TikTok responds to controversy surrounding the app

TikTok has been the most controversial app in the United States in recent years. ByteDance-owned video-sharing app has made headlines for its questionable data practices and ties to the Chinese government. TikTok has been repeatedly accused of serving as spyware for the Chinese government and promoting certain ideologies – such as Marxism – in the United States.

Concerns about TikTok were raised during Donald Trump’s era as US President, and the app even faced the likelihood of shutting down operations in the United States. Things didn’t get any better during the Biden era either, and TikTok faced multiple investigations from US authorities. The FCC even asked Google and Apple several times to remove the app from the stores.

TikTok is still operating in the US and could surpass 3.5 billion downloads worldwide. The app’s spokeswoman has now spoken to the BBC to clarify data practices and policies in relation to specific issues.

Collecting too much data from users

Almost all social media apps collect a huge amount of data from their users and TikTok is no exception. However, the scope of data collection and the processing and use of the collected data is different in every company. TikTok’s spokeswoman claims her data collection is “consistent with industry practices.”

According to research conducted by Australian researchers at Internet 2.0, TikTok can detect the user’s location, device type and the other apps installed on the device. While this may seem like excessive data, other research conducted by Citizen Lab and the Georgia Institute of Technology argues that other social platforms collect such data as well.

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Allegations of cooperation with the Chinese government

When it comes to handling and protecting data, TikTok has a miserable record. TikTok’s spokeswoman says the company “has not provided user data to the Chinese government, nor would we if asked.” Let’s take that claim with a pinch of salt.

A few months ago, the app was accused of sending US users’ data abroad and allowing China-based employees to access US data. Despite initial denials, TikTok eventually confessed and was forced to keep US users’ data in Oracle data centers. The company is now discussing building a new data center in Ireland.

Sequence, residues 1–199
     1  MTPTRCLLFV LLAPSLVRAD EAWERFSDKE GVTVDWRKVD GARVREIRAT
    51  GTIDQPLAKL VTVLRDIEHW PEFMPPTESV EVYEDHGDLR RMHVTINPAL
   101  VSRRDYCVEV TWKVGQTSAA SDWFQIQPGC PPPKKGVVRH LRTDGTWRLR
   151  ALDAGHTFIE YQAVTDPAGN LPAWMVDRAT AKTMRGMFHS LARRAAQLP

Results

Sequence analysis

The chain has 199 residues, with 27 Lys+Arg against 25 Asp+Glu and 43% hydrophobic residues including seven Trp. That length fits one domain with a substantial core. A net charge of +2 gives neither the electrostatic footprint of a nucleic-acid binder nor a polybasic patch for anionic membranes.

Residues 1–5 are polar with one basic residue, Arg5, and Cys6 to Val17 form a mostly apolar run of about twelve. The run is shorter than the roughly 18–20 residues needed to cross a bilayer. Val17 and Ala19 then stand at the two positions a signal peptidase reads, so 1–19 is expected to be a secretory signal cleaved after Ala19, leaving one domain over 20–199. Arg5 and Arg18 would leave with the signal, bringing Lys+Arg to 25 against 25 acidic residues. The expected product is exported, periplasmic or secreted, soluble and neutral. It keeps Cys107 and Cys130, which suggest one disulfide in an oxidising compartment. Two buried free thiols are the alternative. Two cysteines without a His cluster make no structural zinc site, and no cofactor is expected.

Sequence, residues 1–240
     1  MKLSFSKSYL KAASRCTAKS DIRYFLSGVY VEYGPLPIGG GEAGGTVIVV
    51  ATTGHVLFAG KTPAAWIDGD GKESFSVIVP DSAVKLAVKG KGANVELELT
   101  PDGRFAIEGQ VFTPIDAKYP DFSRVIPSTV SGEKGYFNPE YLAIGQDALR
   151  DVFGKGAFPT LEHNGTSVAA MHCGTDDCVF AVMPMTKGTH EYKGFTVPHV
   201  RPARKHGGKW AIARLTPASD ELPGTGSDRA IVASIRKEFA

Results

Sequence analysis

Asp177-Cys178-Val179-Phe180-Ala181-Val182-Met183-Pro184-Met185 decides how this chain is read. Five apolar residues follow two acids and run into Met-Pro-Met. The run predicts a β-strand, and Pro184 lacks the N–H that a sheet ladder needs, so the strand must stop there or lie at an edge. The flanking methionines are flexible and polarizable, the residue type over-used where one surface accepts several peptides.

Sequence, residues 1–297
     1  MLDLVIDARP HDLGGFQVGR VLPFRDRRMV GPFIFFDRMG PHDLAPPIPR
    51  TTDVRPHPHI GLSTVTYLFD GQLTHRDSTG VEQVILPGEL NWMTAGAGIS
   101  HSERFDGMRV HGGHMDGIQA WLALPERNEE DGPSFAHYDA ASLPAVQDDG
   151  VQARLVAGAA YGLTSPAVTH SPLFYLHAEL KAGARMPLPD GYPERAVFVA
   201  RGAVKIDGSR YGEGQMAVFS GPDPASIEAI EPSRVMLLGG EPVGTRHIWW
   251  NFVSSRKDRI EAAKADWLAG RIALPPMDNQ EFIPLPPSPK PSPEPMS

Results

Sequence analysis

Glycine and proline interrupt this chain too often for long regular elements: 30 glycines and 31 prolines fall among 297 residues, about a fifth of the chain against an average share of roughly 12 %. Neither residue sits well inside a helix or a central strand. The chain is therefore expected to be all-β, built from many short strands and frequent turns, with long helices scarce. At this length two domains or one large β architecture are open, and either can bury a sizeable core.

In addition, local laws in China force companies like ByteDance to hand over data to the Chinese Intelligence Service (MSS). In fact, companies are committed to “supporting, assisting and working together” with MSS.

Used as a “brainwashing” tool

The spokesperson for TikTok says, “Our Community Guidelines prohibit misinformation that could harm our community or the public at large, including coordinated inauthentic behavior.”

Social media apps often claim that algorithms determine the content that appears in each user’s feed. The algorithms also provide such content by monitoring users’ activities and identifying their interests. Although this could be true in most cases, we should remember about manual algorithm adjustments. Forbes recently reported that TikTok has a secret “heat” button that allows certain content to go viral.

Christopher Wray, director of the FBI, told U.S. lawmakers in November 2022, “The Chinese government could … control the recommendation algorithm that could be used for influence manipulation.”

TikTok has already come under fire for banning users who speak out about the Chinese government’s oppression of Uyghur Muslims. Any other content blaming the Chinese government will likely be removed. Promoting gender theory controversy and woke culture materials in the US are other allegations against TikTok. Many experts even say that TikTok promotes racial disparity in the US.

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February 28, 2023